Grace Currie was honoured for her play as a softball player, work to encourage health and connection with her culture with a provincial award. (File Photo - Quesnel Cariboo Observer)

Grace Currie was honoured for her play as a softball player, work to encourage health and connection with her culture with a provincial award. (File Photo - Quesnel Cariboo Observer)

Quesnel softball player earns Premier’s Award

Grace Currie was named as one of the province’s ten best young Indigenous athletes

Grace Currie has been honoured as one of the province’s top young Indigenous athletes.

The Quesnel resident and and North Central Métis member was given the 2020 Indigenous Sport, Physical Activity and Recreation Council (I-SPARC) Premier’s Award alongside 10 others.

The ceremony was held over zoom, hosted by sports broadcaster Blake Price.

“Grace has been living and breathing softball her whole life,” Price said, introducing Currie.

“All those years of playing around B.C. and competing in the U.S. for the Canada Futures Tour have paid off. She recently achieved her biggest goal by making the UBCO softball heat team.”

Currie plans to get a social work degree.

“Grace loves learning cultural lessons and traditions from her dad,” Price said.

”They camp and fish together. She embraces her ancestry in honour of her great-grandma, a residential school survivor.”

Currie was one of two softball players from Quesnel who received a regional award, alongside Taylor Parr. Currie also won a regional award in 2019,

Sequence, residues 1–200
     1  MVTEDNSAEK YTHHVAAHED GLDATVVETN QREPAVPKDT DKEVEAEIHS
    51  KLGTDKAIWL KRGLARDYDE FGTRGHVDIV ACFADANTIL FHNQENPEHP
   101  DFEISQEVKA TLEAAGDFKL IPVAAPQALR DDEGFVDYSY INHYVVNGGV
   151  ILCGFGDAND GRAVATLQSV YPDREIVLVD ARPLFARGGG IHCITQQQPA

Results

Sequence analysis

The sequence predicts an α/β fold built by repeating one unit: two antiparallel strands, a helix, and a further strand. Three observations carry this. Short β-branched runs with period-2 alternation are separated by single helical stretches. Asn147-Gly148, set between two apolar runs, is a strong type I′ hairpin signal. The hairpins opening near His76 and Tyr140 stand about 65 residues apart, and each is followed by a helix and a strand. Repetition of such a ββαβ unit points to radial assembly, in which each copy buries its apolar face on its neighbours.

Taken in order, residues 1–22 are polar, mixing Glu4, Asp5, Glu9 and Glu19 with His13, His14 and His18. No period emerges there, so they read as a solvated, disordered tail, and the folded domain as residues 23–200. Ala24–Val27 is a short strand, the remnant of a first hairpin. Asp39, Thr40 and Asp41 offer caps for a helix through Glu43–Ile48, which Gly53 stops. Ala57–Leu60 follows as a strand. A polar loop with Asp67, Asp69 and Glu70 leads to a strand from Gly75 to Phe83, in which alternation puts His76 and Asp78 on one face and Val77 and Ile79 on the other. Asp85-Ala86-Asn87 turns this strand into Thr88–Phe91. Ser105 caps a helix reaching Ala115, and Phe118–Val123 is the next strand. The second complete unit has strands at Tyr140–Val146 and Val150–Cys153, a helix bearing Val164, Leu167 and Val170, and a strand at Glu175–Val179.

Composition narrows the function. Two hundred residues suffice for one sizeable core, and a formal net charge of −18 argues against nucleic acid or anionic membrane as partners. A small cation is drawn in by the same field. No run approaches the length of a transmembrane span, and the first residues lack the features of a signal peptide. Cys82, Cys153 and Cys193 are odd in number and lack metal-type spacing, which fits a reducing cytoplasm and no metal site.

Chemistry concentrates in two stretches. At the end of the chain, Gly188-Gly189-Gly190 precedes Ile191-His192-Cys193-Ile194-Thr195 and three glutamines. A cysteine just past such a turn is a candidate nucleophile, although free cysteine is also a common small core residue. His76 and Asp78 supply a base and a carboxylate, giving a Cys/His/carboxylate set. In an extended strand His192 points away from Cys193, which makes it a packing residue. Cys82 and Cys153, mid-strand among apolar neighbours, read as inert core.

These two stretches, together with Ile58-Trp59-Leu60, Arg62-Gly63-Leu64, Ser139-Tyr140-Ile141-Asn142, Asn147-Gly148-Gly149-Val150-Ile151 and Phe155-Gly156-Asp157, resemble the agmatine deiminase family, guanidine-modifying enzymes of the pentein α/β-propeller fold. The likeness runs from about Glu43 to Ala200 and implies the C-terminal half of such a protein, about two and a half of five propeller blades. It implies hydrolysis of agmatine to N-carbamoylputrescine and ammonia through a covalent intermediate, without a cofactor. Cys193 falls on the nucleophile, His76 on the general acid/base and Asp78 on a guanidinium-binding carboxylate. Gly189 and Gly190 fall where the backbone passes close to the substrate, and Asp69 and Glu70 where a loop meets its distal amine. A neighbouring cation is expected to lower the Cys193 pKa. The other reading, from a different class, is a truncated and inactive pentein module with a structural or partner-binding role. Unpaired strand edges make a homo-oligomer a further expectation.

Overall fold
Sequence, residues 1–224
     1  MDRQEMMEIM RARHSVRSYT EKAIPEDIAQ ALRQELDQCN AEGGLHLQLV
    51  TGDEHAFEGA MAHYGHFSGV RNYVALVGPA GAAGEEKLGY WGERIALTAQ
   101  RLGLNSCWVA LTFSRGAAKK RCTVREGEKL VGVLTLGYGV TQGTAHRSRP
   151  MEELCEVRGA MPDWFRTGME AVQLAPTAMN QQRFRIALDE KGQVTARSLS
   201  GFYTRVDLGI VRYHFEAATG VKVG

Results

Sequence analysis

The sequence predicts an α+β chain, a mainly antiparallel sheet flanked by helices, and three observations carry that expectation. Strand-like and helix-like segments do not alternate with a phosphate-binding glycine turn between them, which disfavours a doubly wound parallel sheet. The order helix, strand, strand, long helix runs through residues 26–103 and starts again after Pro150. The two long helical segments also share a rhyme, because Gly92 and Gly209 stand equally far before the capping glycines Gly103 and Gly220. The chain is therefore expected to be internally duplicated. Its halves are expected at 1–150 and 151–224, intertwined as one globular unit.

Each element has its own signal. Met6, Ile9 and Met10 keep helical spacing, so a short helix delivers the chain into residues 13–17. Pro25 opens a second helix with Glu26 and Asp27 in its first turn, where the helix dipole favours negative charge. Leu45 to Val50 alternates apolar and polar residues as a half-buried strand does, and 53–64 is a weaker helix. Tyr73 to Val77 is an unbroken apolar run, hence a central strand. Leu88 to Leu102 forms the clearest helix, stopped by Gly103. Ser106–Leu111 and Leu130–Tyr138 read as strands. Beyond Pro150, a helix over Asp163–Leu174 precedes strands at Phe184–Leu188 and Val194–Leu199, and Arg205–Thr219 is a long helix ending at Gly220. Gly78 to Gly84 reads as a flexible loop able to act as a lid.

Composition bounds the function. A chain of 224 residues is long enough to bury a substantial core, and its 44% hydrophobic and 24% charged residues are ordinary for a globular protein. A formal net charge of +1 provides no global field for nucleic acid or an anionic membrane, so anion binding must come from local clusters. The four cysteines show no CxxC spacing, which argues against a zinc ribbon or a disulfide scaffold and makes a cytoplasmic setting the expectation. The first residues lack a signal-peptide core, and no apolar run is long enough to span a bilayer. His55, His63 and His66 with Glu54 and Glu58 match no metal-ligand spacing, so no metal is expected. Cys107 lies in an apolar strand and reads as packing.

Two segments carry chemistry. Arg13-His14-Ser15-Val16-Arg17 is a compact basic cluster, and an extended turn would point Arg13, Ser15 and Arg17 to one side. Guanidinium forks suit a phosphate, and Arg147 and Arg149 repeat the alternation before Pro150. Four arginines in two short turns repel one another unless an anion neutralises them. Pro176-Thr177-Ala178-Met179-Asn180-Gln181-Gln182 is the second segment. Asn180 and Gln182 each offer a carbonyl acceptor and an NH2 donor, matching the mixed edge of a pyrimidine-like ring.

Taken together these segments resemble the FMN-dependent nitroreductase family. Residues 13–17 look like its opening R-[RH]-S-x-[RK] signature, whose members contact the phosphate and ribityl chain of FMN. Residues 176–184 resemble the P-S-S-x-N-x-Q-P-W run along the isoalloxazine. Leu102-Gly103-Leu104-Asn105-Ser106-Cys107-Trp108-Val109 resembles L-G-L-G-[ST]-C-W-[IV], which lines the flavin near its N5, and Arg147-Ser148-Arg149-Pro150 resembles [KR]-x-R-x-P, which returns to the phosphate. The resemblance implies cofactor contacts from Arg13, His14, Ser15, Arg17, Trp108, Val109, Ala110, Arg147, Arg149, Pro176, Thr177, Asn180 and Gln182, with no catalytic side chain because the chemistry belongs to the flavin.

Thirty athletes across the province were named as finalists, six from each region. Currie was one of 10 athletes who received a provincial award.

READ MORE: Quesnel softball players nominated for provincial award

“I have gotten the chance to represent my region, and I could not be more proud,” she said in the video.

“I understand the significance of this award, because I know the important role sports plays in Truth and Reconciliation. I am proud to say that I am part of a generation that represents the true beginning of healing.”

The nominees not only had to excel on the field, but also off it, by committing to education and culture.

“Sports have had a profound impact on my life and make a positive difference in the lives of young athletes across the province,” Premier John Horgan said in a news release.

“Every young person is capable of achieving great things. This year’s recipients stand out both on and off the field, as exceptional athletes and community leaders. We are proud to recognize these high-achieving young athletes as part of our province’s commitment to the Truth and Reconciliation Commission’s Calls to Action.”

The I-SPARC is a provincial organization dedicated to supporting physically active Indigenous individuals, families and communities by increasing access to sport, recreation and physical activity.

Other Quesnel athletes have been honoured by I-SPARC in recent years, including swimmers Billy Swyers and Grace’s brother Garnet Currie in 2018 and 2017.

READ MORE: Quesnel swimmers win Indigenous Youth Excellence Premier’s Awards for second time

Do you have something to add to this story, or something else we should report on? Email: cassidy.dankochik@quesnelobserver.com


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